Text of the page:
Rise of Hyperlocal Delivery: In 2021, the integration of online and offline channels to enable hyperlocal delivery became a popular business model among retailers, particularly in the grocery, electronics, appliances, and pharmacy sectors. Retailers such as Apollo Pharmacy, JioMart, Reliance Digital, and Tata Croma benefited from this model by allowing customers to order products online and delivering them from the closest retail outlet, using their existing network of stores. This approach is expected to become more widespread in the future as it meets customer demands for fast delivery and retailers’ need to sell their inventory.
Also, As consumers pivot from seeking value to prioritizing convenience, there’s a growing preference for frequent, smaller purchases instead of infrequent, bulk buying. This shift has pushed both existing and emerging players, such as Blinkit, Zepto, Swiggy Instamart, Dunzo, Amazon, and Flipkart, to expand into the hyperlocal market. As the e-commerce sector continues to penetrate beyond Tier 1 cities, last-mile connectivity and integration of online and offline retail are expected to address logistical challenges. Traditional grocery retailers with their extensive networks could play a pivotal role in this expansion, especially in the food and drinks sector.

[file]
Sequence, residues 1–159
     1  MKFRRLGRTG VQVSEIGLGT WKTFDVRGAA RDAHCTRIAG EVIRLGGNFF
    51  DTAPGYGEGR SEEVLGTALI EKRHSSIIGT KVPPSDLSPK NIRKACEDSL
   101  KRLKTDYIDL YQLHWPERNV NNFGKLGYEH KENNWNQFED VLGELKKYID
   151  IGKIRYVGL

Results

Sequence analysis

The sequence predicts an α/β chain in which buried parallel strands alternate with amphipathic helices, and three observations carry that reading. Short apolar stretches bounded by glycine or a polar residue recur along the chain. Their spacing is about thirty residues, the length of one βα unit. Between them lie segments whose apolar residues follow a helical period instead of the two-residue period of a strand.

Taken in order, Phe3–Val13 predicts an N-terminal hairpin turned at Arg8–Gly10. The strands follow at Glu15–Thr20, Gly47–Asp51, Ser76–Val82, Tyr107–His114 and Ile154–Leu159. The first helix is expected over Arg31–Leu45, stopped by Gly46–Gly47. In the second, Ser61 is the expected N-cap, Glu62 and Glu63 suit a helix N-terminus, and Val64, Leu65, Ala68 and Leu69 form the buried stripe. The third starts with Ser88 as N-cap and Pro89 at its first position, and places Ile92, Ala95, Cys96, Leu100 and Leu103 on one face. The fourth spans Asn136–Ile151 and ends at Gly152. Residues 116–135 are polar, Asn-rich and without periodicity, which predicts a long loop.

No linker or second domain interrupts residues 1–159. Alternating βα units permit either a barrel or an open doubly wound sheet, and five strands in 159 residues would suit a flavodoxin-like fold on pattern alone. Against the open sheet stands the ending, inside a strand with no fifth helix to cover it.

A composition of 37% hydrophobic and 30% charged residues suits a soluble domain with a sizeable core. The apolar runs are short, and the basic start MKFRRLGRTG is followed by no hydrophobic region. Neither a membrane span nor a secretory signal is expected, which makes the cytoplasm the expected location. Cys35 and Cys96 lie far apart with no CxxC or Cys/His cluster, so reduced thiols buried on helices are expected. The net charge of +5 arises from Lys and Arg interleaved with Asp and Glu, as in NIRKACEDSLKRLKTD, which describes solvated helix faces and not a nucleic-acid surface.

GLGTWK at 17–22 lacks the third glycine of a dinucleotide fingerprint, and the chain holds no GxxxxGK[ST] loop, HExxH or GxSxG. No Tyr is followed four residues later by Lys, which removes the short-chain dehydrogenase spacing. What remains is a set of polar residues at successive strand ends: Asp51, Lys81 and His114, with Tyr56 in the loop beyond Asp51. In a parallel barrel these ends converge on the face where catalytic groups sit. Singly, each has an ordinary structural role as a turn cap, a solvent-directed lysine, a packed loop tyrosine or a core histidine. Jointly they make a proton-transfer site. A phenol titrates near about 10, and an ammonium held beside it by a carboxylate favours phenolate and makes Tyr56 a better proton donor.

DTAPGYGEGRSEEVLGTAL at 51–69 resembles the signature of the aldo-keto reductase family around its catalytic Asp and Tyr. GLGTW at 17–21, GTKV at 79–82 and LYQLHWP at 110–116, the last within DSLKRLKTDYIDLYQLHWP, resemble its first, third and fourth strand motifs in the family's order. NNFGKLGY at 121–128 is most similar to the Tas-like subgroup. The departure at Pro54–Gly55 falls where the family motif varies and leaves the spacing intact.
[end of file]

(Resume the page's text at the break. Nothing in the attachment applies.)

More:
Subscription-Based Business Models: More and more digital consumers are moving away from one-off purchases and embracing subscription-based models. As the forecast period progresses, this trend is anticipated to amplify. E-commerce companies are finding subscriptions advantageous for user acquisition and encouraging repeat visits. Giants such as Netflix and Country Delight are leading the way in adopting subscription models to foster enduring customer relationships and ensure steady revenue streams. The ease of setting up recurring payments through digital wallets is further accelerating this trend.
In India, There are about 3% of people use credit cards, and 32.7% of people use debit cards. While there are 2.9% of people purchase on the internet, there is only 5.3% of people with online banking accounts.
For E-Commerce Customers in IndiaWhat are the major driving factors to purchasing online?
There is 643.9 million consumer goods e-commerce users in India, and they spend total of around 83.41 billion USD dollars in 2021. That makes a per capita spending on consumer goods e-commerce of around 130 USD. Also, in those e-commerce users, about 75.4% of them purchase through their mobile phone.